RAMALLAH // The startling fall of the Muslim Brotherhood in Egypt has threatened to undermine Hamas's capacity for fighting Israel and weakened its grip on Gaza, analysts say.
Leaders in the Palestinian Islamist movement had hoped the rise of the Brotherhood would help to end its international isolation and strengthen support in the region. But after the military removed Egypt's democratically elected president, Mohammed Morsi, and arrested members of the Muslim Brotherhood, such a future looks increasingly uncertain.
"This is a nightmare scenario for Hamas," said Mkhaimar Abusada, professor of political science at Al Azhar University in Gaza. "If you look at the whole region, it's not nearly as friendly to Hamas as it was just a few weeks, even days, ago."
Losing its ally in Egypt has left Hamas short on foreign patronage. Moreover, swelling public anger in Egypt directed at the Muslim Brotherhood, to which Hamas is affiliated, has damaged the group's reputation at home and in the region.
Hamas, which has been silent on the events in Egypt, has seen its foreign relations shift dramatically since the Arab uprisings began in late 2010. Embarrassed by the brutal response to anti-government protesters by the regime of the Syrian president, Bashar Al Assad, once a vital supporter of the group, Hamas dismantled its longtime headquarters in Damascus.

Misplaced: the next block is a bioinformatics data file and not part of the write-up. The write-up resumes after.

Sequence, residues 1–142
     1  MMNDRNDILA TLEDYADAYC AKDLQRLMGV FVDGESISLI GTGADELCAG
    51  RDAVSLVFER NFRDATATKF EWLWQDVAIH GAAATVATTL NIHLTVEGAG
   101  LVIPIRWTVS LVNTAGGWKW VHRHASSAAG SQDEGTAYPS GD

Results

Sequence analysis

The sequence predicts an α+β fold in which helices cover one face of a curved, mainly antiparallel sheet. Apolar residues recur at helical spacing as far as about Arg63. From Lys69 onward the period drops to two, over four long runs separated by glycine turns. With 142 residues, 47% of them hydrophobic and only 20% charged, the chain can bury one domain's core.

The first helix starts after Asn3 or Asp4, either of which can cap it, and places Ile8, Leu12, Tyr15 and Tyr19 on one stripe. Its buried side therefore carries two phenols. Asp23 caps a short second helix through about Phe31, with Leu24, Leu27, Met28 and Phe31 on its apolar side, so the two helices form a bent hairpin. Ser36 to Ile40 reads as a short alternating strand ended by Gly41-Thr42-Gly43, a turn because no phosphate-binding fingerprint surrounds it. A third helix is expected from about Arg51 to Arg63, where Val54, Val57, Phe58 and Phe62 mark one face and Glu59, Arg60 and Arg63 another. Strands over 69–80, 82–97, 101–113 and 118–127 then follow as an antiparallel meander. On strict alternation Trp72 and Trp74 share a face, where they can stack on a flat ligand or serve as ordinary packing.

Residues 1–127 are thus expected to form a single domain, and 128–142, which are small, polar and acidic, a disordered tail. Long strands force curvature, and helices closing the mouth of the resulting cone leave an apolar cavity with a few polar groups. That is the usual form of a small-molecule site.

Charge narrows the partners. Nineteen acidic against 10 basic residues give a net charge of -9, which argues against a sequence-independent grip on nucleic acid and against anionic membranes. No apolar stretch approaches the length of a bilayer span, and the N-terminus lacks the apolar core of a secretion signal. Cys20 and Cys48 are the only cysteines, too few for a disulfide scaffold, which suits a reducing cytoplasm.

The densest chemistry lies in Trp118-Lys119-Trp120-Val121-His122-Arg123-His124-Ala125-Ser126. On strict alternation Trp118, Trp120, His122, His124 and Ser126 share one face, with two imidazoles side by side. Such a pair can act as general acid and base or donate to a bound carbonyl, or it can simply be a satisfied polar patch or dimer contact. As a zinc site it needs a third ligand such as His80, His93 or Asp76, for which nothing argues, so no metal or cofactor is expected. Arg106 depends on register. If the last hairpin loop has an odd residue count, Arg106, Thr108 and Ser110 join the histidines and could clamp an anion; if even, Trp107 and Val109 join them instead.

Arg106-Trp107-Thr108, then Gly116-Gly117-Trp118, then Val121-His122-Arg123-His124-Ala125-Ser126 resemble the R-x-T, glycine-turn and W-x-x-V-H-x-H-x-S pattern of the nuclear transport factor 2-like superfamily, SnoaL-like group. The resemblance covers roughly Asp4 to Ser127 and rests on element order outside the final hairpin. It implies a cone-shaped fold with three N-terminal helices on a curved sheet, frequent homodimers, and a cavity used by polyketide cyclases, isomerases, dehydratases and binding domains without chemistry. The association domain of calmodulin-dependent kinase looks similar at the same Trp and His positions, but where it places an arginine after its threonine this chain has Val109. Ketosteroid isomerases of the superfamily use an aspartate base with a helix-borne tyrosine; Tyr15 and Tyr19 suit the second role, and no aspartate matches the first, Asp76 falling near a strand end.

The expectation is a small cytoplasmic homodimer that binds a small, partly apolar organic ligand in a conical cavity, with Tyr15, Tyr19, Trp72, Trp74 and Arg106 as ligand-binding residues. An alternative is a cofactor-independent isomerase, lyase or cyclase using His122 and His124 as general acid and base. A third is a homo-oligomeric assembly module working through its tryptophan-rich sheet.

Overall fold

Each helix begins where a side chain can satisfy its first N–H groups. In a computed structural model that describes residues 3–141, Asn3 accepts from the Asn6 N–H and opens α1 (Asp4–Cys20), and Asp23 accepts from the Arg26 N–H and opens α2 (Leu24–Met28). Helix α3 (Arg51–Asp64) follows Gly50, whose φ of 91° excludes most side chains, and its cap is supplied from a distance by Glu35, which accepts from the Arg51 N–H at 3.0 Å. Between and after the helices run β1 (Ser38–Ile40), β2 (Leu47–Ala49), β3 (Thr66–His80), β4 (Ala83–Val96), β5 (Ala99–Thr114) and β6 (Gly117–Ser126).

The break with Syria also damaged its ties with another important backer, Iran, which Hamas officials admit has significantly reduced its financial support. Tehran is a key ally of Mr Assad's regime.
But Hamas's external leadership found new Islamist patrons in Egypt and Turkey, as well as aid from Qatar.
Yet backing from Doha - which has stepped in with substantial financial support - looks more uncertain with the accession to the Gulf monarchy's throne last month of Sheikh Tamim bin Hamad Al Thani, said Imad Salamey, professor of political Science at the Lebanese American University in Beirut.
"I don't think Qatar will be able to sustain the level of their support, which will put Hamas further in crisis," he said.
Doha is probably reassessing support for Muslim Brotherhood affiliates across the region, he said, in part because of concern of siding against the popular rage that led to Mr Morsi's ousting. Also influencing that reassessment are relations with its powerful neighbour, Saudi Arabia, which has had a tenuous relationship with the Brotherhood.
"I think you're seeing a situation where Qatar is repositioning itself and closing ranks with Saudi Arabia," Mr Salamey said.
But the more immediate concern for Hamas is Egypt. It regulates the tunnels that have become an economic lifeblood for Gaza because of an Israeli-imposed siege on the territory of 1.7 million people.
Mr Morsi's government lifted some of the restrictions on the movement of people and goods through Gaza that had been vigorously enforced - with US and Israeli backing - by Egypt's previously deposed president, Hosni Mubarak.
Egypt's Islamist leadership also gave refuge to senior Hamas officials. Moreover, it facilitated the travel of numerous foreign delegations into Gaza to meet Hamas, which is designated a terrorist organisation by the United States and European Union. The group perceived these visits as support for lifting it out of international isolation.